U.S. Secretary of State Mike Pompeo has officially declared China’s treatment of the Uyghurs population to be “genocide” and “crimes against humanity.”
China’s mass internment, forced labour and forced sterilization of over one million members of the Uyghur Muslim minority in Xinjiang has been heavily documented. The State Department’s declaration constitutes the first official condemnation of China’s actions as an actual genocide.
"After careful examination of the available facts, I have determined that since at least March 2017, the People’s Republic of China (PRC), under the direction and control of the Chinese Communist Party (CCP), has committed crimes against humanity against the predominantly Muslim Uyghurs and other members of ethnic and religious minority groups in Xinjiang," said Pompeo in a statement on Tuesday.
Pompeo described the human rights abuses as “ongoing,” which include the arbitrary imprisonment of over one million people, forced sterilization, forced labour and continued torture of detainees. Pompeo also condemned China’s restrictions on religious freedom, freedom of expression and freedom of movement.
According to Axios, Pompeo’s statements follow his orders for an internal review overseen by Morse Tan, the U.S. ambassador-at-large for the Office of Global Criminal Justice, to investigate China’s actions in Xinjiang and determine if they constitute genocide and crimes against humanity.
The Biden campaign has also decried China’s actions as a “genocide.” Until now, it was unclear if the Trump administration would make the genocide label a formal declaration.
"If we had been able to do it sooner, we would have," a senior administration official said, according to Axios. "We have been working on this for years now. We have struggled from day one, since we came to see the contours of what is going on in Xinjiang, with what to call it."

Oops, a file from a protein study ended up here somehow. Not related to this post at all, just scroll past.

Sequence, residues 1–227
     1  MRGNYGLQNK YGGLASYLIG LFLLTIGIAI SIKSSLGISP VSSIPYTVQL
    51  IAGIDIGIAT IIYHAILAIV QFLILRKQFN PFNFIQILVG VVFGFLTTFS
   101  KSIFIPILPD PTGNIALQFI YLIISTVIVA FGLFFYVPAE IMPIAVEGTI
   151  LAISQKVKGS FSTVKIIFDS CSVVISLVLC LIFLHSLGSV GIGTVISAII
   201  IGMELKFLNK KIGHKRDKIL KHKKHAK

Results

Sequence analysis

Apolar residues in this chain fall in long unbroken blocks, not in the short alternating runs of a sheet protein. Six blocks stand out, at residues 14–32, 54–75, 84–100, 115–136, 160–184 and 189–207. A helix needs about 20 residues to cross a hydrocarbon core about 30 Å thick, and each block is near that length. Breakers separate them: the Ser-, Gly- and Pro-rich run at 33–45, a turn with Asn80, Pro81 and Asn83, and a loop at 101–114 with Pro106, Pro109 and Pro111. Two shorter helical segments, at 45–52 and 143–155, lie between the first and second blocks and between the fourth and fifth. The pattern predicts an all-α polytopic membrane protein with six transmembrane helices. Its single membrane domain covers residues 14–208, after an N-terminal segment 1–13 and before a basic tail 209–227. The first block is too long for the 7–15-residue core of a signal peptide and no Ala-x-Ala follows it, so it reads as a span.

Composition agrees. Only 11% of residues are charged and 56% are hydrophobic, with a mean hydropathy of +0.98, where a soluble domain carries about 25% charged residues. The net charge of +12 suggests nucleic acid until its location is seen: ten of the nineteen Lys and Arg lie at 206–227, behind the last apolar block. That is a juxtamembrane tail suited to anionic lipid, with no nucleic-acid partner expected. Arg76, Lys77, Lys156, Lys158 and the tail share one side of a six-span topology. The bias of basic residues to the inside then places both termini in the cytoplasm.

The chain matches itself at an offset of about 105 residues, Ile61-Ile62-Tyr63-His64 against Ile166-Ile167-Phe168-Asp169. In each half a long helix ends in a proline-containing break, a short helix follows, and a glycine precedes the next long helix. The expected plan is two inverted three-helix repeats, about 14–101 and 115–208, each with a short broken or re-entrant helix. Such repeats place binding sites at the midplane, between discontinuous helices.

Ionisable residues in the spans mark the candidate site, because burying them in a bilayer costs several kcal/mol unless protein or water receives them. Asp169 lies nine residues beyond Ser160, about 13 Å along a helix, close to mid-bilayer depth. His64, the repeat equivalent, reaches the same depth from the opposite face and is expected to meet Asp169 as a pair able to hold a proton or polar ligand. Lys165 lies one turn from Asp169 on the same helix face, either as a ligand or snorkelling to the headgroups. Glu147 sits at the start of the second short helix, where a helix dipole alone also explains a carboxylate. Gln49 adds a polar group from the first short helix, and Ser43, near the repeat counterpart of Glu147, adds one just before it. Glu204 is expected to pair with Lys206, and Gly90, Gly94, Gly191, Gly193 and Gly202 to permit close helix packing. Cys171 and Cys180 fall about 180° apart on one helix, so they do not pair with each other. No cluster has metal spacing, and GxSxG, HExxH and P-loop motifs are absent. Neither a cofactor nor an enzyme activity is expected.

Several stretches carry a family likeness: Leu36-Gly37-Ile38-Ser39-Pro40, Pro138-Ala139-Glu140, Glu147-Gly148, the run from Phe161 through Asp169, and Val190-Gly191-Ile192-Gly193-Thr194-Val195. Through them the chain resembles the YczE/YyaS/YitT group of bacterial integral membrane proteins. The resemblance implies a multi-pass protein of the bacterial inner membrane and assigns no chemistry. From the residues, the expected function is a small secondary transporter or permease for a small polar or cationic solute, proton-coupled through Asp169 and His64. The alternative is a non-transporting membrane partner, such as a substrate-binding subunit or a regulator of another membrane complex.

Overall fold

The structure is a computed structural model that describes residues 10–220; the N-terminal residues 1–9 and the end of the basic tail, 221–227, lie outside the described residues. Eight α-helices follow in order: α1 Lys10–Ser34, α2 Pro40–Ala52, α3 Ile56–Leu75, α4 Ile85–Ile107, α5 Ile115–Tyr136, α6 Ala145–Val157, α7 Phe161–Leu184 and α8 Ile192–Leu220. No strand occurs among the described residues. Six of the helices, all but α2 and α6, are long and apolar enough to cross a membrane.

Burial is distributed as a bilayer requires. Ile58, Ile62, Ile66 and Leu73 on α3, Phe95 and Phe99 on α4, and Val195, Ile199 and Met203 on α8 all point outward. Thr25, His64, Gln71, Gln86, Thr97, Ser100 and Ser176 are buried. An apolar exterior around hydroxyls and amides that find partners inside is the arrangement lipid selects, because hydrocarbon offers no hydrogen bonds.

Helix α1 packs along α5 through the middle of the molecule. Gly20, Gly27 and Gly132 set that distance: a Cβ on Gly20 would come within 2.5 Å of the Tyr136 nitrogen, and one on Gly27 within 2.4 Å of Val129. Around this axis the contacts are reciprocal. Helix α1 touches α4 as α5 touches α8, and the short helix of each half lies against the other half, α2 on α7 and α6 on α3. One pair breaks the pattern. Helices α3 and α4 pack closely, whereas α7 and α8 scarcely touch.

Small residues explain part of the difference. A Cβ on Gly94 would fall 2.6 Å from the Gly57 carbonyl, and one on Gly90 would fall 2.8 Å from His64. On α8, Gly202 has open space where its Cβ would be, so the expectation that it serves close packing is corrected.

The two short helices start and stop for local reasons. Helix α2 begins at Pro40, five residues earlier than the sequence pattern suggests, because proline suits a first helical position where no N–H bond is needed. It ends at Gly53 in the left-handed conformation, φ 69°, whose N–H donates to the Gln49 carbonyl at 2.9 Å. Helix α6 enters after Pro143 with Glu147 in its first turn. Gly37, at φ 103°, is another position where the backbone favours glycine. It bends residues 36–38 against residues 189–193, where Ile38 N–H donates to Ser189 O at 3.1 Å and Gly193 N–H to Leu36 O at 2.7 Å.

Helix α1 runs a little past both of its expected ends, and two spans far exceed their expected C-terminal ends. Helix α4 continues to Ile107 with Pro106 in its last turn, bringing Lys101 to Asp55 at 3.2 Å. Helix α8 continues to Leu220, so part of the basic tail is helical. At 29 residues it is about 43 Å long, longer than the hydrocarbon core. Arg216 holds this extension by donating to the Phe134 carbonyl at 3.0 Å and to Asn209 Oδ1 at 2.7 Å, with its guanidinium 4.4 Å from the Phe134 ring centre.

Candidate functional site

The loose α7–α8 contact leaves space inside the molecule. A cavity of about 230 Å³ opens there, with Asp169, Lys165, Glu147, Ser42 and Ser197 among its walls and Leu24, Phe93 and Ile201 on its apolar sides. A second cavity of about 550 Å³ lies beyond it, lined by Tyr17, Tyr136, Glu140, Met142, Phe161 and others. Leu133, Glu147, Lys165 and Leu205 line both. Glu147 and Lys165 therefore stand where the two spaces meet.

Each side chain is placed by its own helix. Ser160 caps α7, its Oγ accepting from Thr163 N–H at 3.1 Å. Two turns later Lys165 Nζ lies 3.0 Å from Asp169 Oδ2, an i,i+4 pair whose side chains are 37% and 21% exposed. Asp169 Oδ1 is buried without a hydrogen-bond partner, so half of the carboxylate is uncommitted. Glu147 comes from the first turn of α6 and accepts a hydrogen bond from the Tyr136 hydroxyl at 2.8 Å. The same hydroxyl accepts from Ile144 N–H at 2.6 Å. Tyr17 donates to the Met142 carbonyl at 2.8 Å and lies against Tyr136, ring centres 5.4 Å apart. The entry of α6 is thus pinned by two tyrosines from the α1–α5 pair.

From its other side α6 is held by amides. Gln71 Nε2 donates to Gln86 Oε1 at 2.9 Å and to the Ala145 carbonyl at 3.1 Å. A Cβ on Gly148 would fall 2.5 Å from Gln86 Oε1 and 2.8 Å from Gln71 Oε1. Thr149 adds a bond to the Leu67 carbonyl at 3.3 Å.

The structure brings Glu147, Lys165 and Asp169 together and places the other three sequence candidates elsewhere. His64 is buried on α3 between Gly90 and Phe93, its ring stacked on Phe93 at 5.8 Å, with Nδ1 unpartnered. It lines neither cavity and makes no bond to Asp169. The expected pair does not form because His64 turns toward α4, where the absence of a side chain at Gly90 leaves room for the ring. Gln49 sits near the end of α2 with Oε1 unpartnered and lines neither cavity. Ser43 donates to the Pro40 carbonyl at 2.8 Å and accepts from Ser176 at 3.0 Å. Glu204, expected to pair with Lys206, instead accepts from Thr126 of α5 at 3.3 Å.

Other countries, including the United Kingdom, have also condemned China’s actions in Xinjiang. In early January, U.K. Foreign Minister Dominic Raab called China’s actions akin to “barbarism,” and threatened heavy fines for companies that could not prove that their supply chains are free of forced labour. The European Union has also passed a law, also known as the Magnitsky Act, to make it easier to punish human rights violators.
Evidence shows that China has been constructing massive detention centres across Xinjiang, capable of holding over a million detainees, since 2017. Leaked documents from the Chinese government, as well as survivor testimonies, reveal the extent of the abuse in these detention centres, which human rights activists have compared to modern-day concentration camps.
Numerous companies including Nike, BMW, Adidas and dozens of others were implicated in a report by the Australian Strategic Policy Institute on the forced labor of the Uyghurs in factories across China, in a Beijing policy known as “Xinjiang Aid.” The report identified 27 factories which supplied materials to 83 identified multinational corporations.